Who is Paul Tudor Jones?
Born on September 28th, 1954, Paul Tudor Jones is an American conservationist, philanthropist, and billionaire hedge fund manager. He is the founder of the Tudor Investment Corporation Hedge fund which began operations in 1980. He also founded the Robin Hood Foundation, a charitable organization that focuses on reducing poverty. From his humble beginnings in Memphis Tennessee, Jones earned a bachelor’s degree in economics in 1976 from the University of Virginia.
After graduation, Jones’ first foray into the financial world came when he joined the New York Cotton Exchange and traded cotton futures. Years later, Jones became the treasurer of the company in 1986 and then served as chairman from August 1992 to June 1995.
After becoming a commodities broker for E.F Hutton & Co. at 24 years old, he founded the Tudor Invest Corporation 4 years later in 1980. The Tudor Group consists of the Tudor Investment Corporation and its affiliates. It is involved in investing, active trading and research across asset classes such as fixed income, equities, currencies, and commodity asset classes in global markets for a clientele that stretches across the world. The Tudor Group uses discretionary equity long/short, quantitative global macro, discretionary global macro, quantitative equity market neutral, and growth equity as its main investment strategies. As of June 30, 2019, The Tudor Investment Corporation manages $7.8 billion.
In 2012, several reports claimed that Paul Tudor Jones, along with other investors such as Timothy Barakett and Glen Dubin were purchasing is Dreyfus Highbridge Energy (“LDH Energy”), a merchant energy operation. The group had purchased the company from Highbridge Capital Management and Louis Dreyfus Company and renamed it as “Castleton Commodities International LLC”
Forbes Magazine reported that Paul Tudor Jones had an estimated net worth of US $5.3 billion. This made him the 7th highest-earning hedge manager and the 343rd richest person on the Forbes 400 list.
Paul Tudor Jones Top Trade
Paul Tudor Jones Executed his greatest trade ever in the fall of 1987 in the midst of one of the most perilous market conditions ever encountered. This was a time when the world’s securities markets were on a collision course with one of the most unforgettable moments in United States History. Peter Borish, who was Jones’ chief economist and trusted apprentice, devised an analog model showing the similarities of the then securities market with those of the late 1920s.
This was confirmed on Friday, October 16th, which was the last trading day before Black Monday, when the stock market established a record volume on the downside. This was exactly the same case on October 24th, known as Black Thursday which was the start of the Great Crash.
Because of Jones’ prior experience, he knew exactly what effect widespread equity-index derivative exposure has on a market collapse. On the subsequent Monday Morning, Jones went ahead and sold short S&P Index futures. On the other hand, dealers of portfolio ensuring derivatives sold futures on every downward tick.
As the day wore on, Jones began to cover his huge short positions. The market staged an afternoon rally as Jones rode the crash straight into a long equity-futures position. In addition to using the S&P index futures to profit, Jones assumed his biggest bond position. When markets collapse, bonds do not respond the way they should. At the end of Black Monday, when bond prices began to rise, Jones’s Tudor Futures Fund rose by almost 62 Percent in October 1987. Jones’ personal take-home pay that year was approximately $80 million, while his clients got a 201 percent profit after fees.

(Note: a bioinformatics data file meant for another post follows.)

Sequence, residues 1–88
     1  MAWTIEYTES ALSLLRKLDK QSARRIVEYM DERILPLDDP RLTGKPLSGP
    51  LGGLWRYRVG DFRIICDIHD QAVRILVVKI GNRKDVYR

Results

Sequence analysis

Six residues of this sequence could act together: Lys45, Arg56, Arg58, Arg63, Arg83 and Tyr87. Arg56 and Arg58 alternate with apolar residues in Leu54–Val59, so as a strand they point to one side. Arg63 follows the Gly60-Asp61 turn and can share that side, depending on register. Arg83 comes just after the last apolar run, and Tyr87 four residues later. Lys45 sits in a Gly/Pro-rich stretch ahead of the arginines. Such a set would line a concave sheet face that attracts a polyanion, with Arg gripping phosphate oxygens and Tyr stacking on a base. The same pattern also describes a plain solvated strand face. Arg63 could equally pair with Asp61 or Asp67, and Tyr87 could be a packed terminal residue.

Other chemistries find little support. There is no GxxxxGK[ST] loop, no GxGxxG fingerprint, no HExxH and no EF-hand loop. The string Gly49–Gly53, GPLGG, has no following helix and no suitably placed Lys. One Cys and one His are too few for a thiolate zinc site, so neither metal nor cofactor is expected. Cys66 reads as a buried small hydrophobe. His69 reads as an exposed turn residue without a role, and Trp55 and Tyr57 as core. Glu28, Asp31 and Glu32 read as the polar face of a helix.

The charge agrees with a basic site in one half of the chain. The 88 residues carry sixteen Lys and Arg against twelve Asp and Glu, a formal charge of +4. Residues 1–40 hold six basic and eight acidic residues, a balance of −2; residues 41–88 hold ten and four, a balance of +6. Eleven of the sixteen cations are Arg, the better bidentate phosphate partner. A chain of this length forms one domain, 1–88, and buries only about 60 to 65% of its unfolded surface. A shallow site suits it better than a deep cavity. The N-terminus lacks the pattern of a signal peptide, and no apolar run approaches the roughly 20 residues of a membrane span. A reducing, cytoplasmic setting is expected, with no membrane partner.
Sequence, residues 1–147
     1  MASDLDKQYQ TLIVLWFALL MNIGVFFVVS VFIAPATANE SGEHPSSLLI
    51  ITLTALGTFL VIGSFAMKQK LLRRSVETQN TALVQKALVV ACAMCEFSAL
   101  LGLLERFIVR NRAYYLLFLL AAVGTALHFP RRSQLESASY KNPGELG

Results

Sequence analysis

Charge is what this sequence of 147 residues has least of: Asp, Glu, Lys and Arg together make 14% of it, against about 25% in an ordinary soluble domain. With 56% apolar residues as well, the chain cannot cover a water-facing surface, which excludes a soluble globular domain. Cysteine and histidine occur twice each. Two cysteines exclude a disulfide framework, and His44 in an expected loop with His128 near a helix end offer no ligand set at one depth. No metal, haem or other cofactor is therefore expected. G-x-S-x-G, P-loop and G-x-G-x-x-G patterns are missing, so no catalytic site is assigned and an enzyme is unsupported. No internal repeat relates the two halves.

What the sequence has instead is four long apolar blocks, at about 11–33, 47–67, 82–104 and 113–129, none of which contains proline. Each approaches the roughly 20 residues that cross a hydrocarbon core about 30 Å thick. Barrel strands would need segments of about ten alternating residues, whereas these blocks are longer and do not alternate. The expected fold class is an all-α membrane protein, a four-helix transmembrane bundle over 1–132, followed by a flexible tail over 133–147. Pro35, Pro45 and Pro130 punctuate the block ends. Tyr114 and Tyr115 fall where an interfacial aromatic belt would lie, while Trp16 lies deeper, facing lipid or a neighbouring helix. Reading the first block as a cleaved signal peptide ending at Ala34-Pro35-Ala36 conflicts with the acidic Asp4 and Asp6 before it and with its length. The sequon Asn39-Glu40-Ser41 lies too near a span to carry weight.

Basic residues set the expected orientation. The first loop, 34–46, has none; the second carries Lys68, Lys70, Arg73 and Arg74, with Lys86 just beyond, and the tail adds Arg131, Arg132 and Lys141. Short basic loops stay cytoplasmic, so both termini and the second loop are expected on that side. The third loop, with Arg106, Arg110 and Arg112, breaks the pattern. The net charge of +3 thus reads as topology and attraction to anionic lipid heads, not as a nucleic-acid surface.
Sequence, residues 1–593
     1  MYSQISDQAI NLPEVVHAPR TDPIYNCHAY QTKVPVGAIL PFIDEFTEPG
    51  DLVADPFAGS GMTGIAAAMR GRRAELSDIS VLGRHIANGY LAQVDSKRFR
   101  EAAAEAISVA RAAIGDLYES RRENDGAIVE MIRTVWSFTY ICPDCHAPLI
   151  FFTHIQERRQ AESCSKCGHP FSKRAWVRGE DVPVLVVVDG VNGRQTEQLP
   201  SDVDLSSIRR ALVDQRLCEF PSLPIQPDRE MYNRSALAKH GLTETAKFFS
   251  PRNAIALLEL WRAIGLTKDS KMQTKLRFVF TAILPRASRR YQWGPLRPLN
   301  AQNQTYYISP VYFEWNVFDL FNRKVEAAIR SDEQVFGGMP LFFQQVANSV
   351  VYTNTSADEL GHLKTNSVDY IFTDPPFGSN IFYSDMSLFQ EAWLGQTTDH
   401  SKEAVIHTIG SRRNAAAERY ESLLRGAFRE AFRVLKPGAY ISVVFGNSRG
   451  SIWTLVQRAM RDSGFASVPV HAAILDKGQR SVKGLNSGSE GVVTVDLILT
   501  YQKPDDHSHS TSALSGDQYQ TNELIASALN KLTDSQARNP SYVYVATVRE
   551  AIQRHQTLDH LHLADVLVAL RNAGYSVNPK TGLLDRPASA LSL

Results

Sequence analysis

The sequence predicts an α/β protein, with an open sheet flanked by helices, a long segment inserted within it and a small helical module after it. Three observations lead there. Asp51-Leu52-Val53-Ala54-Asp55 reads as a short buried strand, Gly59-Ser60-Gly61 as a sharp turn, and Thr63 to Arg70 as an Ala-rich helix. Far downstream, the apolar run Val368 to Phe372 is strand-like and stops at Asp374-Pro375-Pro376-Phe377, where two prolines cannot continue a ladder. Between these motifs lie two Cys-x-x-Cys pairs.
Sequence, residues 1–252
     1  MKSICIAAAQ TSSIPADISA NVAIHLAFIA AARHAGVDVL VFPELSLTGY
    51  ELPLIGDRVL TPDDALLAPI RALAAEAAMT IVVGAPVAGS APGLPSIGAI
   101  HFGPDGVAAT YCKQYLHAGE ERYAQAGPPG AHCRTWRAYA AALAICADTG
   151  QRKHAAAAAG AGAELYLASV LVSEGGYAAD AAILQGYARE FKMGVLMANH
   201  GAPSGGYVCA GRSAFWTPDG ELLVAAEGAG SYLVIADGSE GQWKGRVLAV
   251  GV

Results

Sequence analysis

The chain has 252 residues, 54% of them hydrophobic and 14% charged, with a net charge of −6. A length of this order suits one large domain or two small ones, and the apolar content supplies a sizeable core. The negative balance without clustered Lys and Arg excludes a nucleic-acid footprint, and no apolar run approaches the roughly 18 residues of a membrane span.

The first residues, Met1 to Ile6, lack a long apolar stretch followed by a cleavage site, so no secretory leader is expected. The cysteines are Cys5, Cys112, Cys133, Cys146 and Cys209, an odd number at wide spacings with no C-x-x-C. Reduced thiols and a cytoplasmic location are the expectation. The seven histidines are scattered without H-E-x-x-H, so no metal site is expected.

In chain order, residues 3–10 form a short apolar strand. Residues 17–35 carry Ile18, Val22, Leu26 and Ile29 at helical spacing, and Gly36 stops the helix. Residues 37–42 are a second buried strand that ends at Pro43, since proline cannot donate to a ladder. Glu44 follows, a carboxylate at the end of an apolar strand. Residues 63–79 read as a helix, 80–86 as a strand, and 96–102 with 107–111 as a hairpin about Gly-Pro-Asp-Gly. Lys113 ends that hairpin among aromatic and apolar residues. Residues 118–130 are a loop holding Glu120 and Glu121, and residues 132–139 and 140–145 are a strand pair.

Paul Tudor Jones Trading Principles
Paul Tudor Jones trading principles are explained in the following points:
- Traders who are beginning their journey have a habit of rushing into trades without having a sound trading plan. They should control their risk management and set an exit strategy for every single trade.
- Stop losses are the key to proper risk management. Apart from using price stop losses that are triggered when the stock hits a certain price, they should use a time stop. Traders entering a trade anticipate a certain price move. The trader expects this move to happen and sets a specific time frame for it. If the move does not happen, he cuts his/her position. Regardless if a trader is taking in a loss or a small profit, he/she shouldn’t keep money in it if the stock isn’t acting the same way as they expect.
- Traders should learn from their mistakes to improve and grow in the future.
- Traders should always try to follow the overall market trend as the odds are predominantly in their favor when trading in the same direction.
- A trader’s account size should not influence their trading strategy.
- The main objective of traders should always be to identify and buy stocks that are going to make a move.
- Traders should avoid confirmation bias while making trading decisions. They can do this by assuming that their position is not right and looking for evidence to prove that it is wrong.
- Traders should not average down on a losing position. This means they should not buy into a stock when its price has dropped after the initial purchase.
- Traders should learn from their mistakes and adapt quickly.
- When a trader is experiencing a losing streak, he should cut down the size of his positions.
- For effective risk management, traders should buy and increase profits when things are going their way. They shouldn’t hesitate to sell their position when things aren’t going according to expectations.
- Traders should always analyze the risk/reward ratio of every single trade. Paul Tudor Jones uses 1:5 as his risk-reward ratio.